a rooster thing

Discussion in 'Chicken Behaviors and Egglaying' started by Ole rooster, Sep 13, 2011.

  1. Ole rooster

    Ole rooster Chillin' With My Peeps

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    Tonight when I let the pullets out for the last time before roost time my rooster chased down the black Sexlink and that's what they did. She is aptly named. She hasn't squatted with me around but she did him. That's good. Does that have anything to do with laying?
     
  2. gritsar

    gritsar Cows, Chooks & Impys - OH MY!

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    Quote:Yes. A sudden willingness to allow mating is a sign that laying will commence shortly. And don't think for a second that the roosters don't know who is about to start laying because they do. I don't know how they know, but they do.
     
  3. Ole rooster

    Ole rooster Chillin' With My Peeps

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    I am lucky he knows. For sure I don't have a clue.

    Thanks.
     
  4. fuzziecreatures

    fuzziecreatures Chillin' With My Peeps

    Since the KNOW who is going to be laying, about how long after mating seen do they lay?
     
  5. Ridgerunner

    Ridgerunner Chicken Obsessed

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    Don't take me wrong. It is a good sign. With most, it means laying is real close. But I had a 14 week old pullet willingly squat for a 14 week old rooster. She was not forced. He danced and she squatted. That was about a month ago. She is still not laying.

    I find it real hard to get anything really consistent about chicken behavior. Everry time I think I figure something out I see something different. A 14 week old rooster dancing instead of just jumping on is unusual. A 14 week old pullet willingly squatting is really unusual.
     
  6. fuzziecreatures

    fuzziecreatures Chillin' With My Peeps

    Lol
    Well her comb has gotten larger, now pink instead of yellow. Her sisters comb is still small and yellow.
     
    Last edited: Sep 14, 2011
  7. Ole rooster

    Ole rooster Chillin' With My Peeps

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    This pullet has a small red comb. One thing I have noticed is she has for some reason gotten more friendly. She doesn't run away and will walk through my leg while I'm out there with them. This morning she took a meal worm from my hand. That's a first.
     
  8. gritsar

    gritsar Cows, Chooks & Impys - OH MY!

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    Quote:My two youngest batches of chicks - 3 from one hen, 5 from the other - are now 5 months old. I didn't interact with them much at all when they were chicks. Two of these chicks are polish, which are really friendly by nature so it's easy to handle them now. Five of the others, 4 sex links and a minorca, used to hurt themselves trying to get away from me. Now they have reached POL and are suddenly much friendlier. My rooster is young so not servicing all these pullets and hens. All I have to do anymore is step in the coop and all five of them suddenly squat (for me). [​IMG]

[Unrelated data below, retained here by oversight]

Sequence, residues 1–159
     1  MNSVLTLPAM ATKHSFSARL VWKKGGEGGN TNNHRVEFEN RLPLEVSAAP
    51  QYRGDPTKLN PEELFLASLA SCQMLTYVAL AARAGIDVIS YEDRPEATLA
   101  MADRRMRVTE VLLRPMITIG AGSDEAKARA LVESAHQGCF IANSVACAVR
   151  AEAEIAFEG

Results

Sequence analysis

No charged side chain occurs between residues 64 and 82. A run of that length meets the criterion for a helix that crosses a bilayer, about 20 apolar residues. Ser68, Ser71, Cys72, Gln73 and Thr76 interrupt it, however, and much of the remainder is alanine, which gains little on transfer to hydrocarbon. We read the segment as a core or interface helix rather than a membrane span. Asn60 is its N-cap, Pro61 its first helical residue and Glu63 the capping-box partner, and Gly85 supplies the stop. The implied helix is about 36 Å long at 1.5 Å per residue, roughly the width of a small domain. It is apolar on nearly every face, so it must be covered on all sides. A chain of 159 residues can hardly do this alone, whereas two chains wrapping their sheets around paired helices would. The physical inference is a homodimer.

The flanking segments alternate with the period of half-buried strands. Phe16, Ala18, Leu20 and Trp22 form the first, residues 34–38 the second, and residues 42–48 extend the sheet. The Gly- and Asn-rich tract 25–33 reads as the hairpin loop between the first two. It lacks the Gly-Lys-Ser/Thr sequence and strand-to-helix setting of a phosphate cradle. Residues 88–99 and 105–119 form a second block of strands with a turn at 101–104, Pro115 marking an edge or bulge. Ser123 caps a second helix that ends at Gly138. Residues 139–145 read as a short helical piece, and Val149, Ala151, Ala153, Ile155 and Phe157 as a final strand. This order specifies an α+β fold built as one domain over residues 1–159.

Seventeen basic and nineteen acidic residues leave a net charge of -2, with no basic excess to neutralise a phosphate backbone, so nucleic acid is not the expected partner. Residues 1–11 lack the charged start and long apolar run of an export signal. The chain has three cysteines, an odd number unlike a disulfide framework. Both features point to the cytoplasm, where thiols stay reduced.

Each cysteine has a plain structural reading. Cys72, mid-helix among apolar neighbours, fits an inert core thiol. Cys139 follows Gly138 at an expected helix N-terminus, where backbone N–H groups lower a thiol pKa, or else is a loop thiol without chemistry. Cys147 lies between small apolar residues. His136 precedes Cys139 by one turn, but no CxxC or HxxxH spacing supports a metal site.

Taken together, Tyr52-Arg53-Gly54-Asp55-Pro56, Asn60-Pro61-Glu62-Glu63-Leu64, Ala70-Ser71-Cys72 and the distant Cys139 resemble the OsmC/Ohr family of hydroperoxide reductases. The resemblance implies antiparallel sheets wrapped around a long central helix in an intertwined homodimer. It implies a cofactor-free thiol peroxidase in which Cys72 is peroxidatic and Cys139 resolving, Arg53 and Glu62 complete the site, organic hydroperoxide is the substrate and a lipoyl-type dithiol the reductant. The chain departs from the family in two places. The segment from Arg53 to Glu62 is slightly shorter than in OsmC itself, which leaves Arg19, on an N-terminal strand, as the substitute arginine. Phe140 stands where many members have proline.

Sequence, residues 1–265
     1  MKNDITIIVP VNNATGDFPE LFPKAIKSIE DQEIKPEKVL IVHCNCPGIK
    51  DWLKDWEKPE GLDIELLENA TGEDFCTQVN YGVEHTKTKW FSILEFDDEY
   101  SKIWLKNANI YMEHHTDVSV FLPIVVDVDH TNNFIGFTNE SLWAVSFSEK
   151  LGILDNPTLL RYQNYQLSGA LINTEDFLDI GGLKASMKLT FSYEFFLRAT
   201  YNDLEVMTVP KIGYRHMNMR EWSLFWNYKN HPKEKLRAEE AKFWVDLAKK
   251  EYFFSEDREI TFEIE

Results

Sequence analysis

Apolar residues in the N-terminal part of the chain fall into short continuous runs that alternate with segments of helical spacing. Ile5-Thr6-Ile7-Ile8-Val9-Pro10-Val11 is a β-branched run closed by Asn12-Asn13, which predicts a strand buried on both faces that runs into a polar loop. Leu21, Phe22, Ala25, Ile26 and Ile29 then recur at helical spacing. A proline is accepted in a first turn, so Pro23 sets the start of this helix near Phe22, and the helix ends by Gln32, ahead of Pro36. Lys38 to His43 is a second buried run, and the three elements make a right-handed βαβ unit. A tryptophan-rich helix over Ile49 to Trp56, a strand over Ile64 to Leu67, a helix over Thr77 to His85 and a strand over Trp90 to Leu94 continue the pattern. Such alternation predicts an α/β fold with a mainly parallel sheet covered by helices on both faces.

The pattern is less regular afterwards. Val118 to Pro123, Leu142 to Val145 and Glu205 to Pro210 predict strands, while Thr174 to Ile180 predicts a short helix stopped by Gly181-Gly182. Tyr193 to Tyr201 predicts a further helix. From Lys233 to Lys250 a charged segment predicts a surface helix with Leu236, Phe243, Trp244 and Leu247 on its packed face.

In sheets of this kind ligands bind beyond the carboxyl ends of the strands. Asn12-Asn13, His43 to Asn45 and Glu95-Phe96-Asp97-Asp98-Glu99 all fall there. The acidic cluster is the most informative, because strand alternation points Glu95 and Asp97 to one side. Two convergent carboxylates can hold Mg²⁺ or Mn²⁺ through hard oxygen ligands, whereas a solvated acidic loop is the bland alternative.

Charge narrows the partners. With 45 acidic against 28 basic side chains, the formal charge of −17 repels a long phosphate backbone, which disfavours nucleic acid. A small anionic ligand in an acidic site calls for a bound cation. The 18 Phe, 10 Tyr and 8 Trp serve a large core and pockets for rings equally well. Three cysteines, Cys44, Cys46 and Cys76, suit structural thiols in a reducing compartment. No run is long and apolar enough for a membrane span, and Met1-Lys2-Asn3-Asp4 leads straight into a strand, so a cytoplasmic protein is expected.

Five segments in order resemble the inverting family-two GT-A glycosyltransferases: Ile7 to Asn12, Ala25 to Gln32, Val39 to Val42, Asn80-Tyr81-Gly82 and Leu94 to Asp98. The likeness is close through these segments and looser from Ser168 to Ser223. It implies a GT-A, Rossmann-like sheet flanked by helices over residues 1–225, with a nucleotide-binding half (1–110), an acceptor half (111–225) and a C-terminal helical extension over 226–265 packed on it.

However, I do agree with Ridge that chicken behavior is unpredictable. Generally speaking though if I have a pullet that starts squatting, either for me or the roo, it's not too long before I see that pullet checking out the nestboxes.

    Another interesting tidbit - I've witnessed my roosters being extra attentive to my broody hens or a hen that's about to go broody. It's to the rooster's advantage that a hen hatch his chicks to carry on the roo's bloodline.

    The other day I watched an old BBC program on the life of a chicken. The show made mention of the fact that a hen can reject the sperm of a subordinate roo should he mate her against her will; keeping only the sperm of the alpha roo.

    Interesting creatures chickens are. Interesting and frustrating at the same time.
     
  9. TexasToucan

    TexasToucan Out Of The Brooder

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    Quote:Wow! Now that is interesting.
     
  10. gritsar

    gritsar Cows, Chooks & Impys - OH MY!

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    Quote:
    Wow! Now that is interesting.

    I just searched YouTube and can't find the video again, but I'll keep searching.

    Found it. There are four videos in all - http://www.permaculture.org.au/2011/01/28/the-private-life-of-chickens/
     
    Last edited: Sep 14, 2011

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